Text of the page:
A typical test head has thirty-six zero-insertion force connectors between the PEFPIF boards on the PE modules and the zero-insertion force flex circuit edge cards on a probe card. When mounting a probe card onto an ATE system, which uses ZIF connectors for the DUT interface, an appropriate mating surface has generally been created by wrapping a flex circuit around a plastic spine and connecting this spine to the probe card with an interposer or other connection technology.
FIG. 1 illustrates a high-speed connection assembly 100 for use between a device under test and automatic test equipment, such as an ZIF connector for use between a DUT board and a V5400 testhead. An exemplary high-speed connector is taught in U.S. Pat. No. 6,33,696 entitled Methods and Apparatus for Creating a High Speed Connection Between A Device Under Test And Automatic Test Equipment by Roger Sinsheimer et al. An exemplary automatic test equipment is the V5400 by Agilent Technologies, Inc. of Palo Alto, Calif.
High-speed connection assembly 100 may include a DUT assembly or probe card 102 for translating electrical signals from a board 104 via a plurality of flex circuits 105 to a ZIF connection mechanism 106 with a plurality of clamping connectors 108 radially disposed around the connection mechanism to align with flex circuits 105 on the probe card 102.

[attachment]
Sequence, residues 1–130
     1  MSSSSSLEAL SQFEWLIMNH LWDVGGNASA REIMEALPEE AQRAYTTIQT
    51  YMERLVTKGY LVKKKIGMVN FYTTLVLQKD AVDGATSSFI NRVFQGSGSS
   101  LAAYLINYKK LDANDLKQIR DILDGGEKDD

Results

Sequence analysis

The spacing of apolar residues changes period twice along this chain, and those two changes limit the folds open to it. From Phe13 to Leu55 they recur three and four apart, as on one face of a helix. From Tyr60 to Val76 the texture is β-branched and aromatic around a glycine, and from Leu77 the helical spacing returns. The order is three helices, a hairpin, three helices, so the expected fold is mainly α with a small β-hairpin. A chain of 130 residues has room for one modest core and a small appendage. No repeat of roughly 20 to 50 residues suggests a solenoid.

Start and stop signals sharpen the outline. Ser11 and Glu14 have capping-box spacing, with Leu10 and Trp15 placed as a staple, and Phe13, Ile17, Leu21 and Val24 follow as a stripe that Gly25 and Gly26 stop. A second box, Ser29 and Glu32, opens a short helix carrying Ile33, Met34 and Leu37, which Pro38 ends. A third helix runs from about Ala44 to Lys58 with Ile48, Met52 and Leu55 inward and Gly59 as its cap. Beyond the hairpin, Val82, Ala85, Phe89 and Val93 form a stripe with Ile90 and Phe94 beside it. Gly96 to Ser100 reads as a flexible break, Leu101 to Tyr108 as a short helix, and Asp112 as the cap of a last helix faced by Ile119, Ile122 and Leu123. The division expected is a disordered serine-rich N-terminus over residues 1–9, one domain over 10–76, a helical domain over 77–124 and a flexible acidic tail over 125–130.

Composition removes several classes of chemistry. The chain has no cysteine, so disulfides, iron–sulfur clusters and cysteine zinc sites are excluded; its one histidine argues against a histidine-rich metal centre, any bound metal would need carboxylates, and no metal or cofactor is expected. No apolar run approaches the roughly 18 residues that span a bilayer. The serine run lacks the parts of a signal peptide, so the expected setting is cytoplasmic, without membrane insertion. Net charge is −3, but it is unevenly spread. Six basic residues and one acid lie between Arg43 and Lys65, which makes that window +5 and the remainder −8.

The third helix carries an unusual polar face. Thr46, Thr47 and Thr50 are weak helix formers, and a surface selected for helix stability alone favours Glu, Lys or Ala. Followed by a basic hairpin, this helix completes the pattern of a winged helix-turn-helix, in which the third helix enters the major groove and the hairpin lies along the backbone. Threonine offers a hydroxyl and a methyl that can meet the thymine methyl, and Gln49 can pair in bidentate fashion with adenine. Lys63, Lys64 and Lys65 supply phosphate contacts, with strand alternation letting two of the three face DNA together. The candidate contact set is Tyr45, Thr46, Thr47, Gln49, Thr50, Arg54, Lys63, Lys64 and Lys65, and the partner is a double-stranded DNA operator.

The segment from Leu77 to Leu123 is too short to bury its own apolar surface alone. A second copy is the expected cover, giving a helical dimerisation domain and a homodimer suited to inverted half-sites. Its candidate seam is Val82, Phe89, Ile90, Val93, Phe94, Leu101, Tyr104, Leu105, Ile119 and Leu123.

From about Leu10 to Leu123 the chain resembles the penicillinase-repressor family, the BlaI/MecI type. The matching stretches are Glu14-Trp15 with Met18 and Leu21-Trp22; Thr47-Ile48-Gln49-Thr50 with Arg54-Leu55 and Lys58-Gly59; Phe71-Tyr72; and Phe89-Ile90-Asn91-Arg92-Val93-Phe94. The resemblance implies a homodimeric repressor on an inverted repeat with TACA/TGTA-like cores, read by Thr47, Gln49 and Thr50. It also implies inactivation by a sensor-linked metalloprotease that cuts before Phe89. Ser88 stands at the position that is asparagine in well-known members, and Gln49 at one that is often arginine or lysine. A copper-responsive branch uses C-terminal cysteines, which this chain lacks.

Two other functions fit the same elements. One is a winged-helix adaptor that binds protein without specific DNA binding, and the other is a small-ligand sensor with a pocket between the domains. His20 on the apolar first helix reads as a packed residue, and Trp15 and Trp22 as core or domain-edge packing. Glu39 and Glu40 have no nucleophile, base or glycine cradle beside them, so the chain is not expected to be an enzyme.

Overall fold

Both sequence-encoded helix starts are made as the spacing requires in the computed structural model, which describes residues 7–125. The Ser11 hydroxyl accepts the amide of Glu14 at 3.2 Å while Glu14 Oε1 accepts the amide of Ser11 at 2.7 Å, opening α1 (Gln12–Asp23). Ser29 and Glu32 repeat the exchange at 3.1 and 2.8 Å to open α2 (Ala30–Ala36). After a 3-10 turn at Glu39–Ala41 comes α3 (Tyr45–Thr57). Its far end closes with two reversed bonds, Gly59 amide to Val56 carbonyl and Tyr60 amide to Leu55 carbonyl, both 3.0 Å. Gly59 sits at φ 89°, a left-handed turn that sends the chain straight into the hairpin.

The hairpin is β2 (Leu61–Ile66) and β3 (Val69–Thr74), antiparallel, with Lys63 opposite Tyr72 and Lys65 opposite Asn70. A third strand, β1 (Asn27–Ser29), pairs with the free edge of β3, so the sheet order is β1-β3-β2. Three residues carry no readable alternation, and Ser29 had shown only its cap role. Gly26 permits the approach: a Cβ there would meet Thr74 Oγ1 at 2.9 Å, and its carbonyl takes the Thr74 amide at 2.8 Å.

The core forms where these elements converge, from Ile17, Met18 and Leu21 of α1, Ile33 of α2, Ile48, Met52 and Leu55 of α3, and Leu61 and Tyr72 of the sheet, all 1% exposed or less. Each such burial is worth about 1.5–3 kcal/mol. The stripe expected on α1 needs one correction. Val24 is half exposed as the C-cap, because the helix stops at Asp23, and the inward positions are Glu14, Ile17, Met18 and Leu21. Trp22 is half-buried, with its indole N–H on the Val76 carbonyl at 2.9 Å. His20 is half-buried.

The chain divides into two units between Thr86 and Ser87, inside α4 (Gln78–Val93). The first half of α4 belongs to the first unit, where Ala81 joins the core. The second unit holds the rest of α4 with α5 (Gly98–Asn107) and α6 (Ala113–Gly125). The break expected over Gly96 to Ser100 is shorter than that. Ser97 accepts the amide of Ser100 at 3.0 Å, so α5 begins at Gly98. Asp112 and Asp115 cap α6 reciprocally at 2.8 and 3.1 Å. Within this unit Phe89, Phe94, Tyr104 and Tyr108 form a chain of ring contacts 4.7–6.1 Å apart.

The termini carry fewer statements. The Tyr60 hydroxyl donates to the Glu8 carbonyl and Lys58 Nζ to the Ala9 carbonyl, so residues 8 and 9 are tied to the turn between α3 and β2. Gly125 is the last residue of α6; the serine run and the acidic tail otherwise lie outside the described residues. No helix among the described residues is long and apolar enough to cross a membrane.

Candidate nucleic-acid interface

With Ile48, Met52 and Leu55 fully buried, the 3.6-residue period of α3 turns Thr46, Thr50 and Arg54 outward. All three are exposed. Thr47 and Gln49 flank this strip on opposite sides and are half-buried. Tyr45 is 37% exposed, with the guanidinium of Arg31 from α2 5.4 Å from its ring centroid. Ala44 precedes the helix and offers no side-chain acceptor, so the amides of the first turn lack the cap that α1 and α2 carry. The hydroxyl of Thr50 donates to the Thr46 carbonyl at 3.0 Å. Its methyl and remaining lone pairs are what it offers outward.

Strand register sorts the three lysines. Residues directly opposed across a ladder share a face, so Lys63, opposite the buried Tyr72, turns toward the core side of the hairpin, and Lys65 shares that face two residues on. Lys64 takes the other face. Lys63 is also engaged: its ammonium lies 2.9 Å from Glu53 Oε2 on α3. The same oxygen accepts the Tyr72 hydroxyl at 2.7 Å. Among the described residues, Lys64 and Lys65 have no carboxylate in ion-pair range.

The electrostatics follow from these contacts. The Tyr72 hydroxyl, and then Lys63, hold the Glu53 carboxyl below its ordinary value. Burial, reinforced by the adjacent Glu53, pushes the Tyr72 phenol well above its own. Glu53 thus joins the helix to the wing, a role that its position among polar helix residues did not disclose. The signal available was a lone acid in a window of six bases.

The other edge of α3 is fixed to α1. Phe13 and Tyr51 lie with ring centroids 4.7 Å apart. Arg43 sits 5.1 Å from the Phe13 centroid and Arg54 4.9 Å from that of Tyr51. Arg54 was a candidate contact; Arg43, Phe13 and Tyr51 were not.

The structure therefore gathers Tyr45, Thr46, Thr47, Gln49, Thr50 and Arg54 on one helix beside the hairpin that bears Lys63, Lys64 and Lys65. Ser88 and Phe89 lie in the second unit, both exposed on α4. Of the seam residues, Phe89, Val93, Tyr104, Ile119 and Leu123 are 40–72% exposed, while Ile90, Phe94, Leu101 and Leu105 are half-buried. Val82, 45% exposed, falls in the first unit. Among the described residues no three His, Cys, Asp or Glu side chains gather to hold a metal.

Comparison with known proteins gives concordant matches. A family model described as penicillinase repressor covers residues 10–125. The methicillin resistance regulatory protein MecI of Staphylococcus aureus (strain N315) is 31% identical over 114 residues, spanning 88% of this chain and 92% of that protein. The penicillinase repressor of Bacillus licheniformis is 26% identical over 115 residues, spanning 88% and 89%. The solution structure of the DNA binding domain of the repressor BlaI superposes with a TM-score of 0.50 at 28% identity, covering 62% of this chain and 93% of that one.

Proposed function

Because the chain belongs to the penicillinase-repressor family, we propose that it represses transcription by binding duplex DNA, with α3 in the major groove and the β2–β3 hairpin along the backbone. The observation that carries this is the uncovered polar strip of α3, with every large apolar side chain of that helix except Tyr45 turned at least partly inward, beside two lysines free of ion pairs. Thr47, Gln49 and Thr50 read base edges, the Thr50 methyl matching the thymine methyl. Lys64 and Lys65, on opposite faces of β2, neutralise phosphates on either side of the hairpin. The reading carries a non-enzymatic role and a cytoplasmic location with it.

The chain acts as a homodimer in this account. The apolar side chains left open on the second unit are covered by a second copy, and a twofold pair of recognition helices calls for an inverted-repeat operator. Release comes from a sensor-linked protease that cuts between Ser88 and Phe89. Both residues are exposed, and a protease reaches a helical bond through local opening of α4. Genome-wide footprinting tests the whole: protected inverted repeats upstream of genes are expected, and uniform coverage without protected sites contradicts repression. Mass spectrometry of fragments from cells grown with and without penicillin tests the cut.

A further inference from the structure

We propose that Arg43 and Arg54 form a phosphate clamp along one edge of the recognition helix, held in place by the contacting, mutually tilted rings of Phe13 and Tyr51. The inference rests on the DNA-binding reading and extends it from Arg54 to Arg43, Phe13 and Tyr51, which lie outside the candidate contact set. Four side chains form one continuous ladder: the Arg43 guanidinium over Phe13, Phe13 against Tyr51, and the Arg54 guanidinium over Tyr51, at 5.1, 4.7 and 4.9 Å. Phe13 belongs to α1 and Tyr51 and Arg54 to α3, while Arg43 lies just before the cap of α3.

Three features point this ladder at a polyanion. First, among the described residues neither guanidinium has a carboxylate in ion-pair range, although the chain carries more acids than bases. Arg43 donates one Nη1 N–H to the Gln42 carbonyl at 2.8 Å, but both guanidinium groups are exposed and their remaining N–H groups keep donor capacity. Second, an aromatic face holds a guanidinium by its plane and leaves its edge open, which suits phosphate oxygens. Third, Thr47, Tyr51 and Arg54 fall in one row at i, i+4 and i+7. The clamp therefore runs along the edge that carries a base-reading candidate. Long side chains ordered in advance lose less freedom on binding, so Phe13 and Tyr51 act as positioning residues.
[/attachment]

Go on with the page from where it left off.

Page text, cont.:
The flex circuit has several limiting features when utilized as a connector means, including layer count. Flex circuits are currently limited to six layers, which limits the density of signals. Flex circuits are also currently limited in their electrical bandwidth. That is, a flex circuit is a lossy transmission line. Flex circuits are also limited in their mechanical dimensions, which limits the rows of contacts that a flex circuit can have between the probe card and the ATE system.
BRIEF DESCRIPTION OF THE DRAWINGS
Therefore, there is a need for an improved connection means between a probe card and an ATE system that uses XZIF connectors.
An understanding of the present teachings can be gained from the following detailed description, taken in conjunction with the accompanying drawings of which: